In a breakthrough which could help damaged livers repair naturally and quickly, scientists claim to have discovered a protein that could double the speed of liver cell growth, helping the organ to heal on its own.
A team at the Western Australian Institute for Medical Research has found that a protein, TWEAK, significantly raises the growth rate of liver progenitor cells (LPCs) – crucial stem cells in liver repair, the ‘Hepatology’ journal reported.
Lead author Dr Janina Tirnitz-Parker said when the team set out to understand how TWEAK affected LPCs, they discovered it had a dramatic effect on cell growth.
“We had LPCs growing in culture and we put TWEAK on top of them to find out what effect it might have, and what we saw was very exciting – LPCs grew twice as fast as they normally would.
“This means that there could be a potential to use TWEAK to help damaged livers repair themselves by growing new healthy cells at a much faster pace,” she said.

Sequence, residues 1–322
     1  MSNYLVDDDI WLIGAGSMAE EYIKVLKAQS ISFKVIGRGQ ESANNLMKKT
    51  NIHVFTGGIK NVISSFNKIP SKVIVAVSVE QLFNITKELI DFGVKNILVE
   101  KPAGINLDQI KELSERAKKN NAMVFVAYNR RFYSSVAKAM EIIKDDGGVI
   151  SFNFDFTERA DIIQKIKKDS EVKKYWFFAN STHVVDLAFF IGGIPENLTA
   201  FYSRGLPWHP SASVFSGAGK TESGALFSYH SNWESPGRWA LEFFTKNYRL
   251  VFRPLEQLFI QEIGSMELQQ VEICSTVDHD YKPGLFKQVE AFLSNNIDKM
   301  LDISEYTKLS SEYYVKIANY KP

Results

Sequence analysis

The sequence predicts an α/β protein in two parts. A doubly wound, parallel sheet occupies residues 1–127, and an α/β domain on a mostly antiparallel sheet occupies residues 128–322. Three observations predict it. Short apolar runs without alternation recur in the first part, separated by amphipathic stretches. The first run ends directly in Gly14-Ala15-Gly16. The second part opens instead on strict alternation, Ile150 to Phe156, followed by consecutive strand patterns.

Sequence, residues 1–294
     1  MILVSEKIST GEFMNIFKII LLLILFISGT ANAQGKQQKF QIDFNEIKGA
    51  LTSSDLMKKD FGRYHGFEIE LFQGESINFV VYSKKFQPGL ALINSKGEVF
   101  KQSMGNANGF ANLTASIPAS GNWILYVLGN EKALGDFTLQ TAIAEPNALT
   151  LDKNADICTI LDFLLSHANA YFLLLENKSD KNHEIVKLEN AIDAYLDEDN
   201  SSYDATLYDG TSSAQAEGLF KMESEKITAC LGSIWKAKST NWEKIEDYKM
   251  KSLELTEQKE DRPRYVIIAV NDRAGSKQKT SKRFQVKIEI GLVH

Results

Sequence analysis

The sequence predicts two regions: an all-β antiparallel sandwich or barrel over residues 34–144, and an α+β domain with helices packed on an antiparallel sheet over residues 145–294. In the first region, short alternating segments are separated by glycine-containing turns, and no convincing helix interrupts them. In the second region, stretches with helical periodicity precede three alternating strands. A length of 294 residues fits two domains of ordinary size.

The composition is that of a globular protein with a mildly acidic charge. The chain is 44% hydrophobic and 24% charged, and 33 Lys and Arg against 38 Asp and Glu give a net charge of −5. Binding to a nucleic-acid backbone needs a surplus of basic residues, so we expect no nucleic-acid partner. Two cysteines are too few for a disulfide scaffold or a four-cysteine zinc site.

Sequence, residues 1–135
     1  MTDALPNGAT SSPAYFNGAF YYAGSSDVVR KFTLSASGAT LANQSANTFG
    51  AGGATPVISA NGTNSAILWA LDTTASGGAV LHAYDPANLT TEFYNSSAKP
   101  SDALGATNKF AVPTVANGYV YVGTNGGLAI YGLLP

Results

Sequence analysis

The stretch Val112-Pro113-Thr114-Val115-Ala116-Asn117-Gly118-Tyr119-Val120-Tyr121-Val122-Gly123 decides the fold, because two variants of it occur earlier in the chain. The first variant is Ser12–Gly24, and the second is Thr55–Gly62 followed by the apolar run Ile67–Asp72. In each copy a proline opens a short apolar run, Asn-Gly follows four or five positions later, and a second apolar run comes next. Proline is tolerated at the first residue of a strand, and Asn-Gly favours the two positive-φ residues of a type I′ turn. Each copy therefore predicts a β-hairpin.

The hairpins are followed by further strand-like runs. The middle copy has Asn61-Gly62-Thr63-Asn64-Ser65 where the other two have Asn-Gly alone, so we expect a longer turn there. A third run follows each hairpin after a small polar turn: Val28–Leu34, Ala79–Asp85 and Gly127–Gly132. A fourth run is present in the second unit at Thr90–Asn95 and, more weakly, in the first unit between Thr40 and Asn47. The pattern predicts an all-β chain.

Head of WAIMR’s Laboratory for Liver Disease and Carcinogenesis and study co-author Professor George Yeoh said this was a significant discovery in the field and to the evolution of treatments away from liver transplants.
“This is a key finding for liver disease, because we now know what tickles liver cell growth – it could have huge benefit for patients with liver conditions by helping to regenerate their existing liver faster and possibly ruling out the need for transplants.
“If this phenomenon can be harnessed it might be possible to increase or inject TWEAK onto a patient’s liver in order to help the organ repair itself naturally, and much faster,” he said.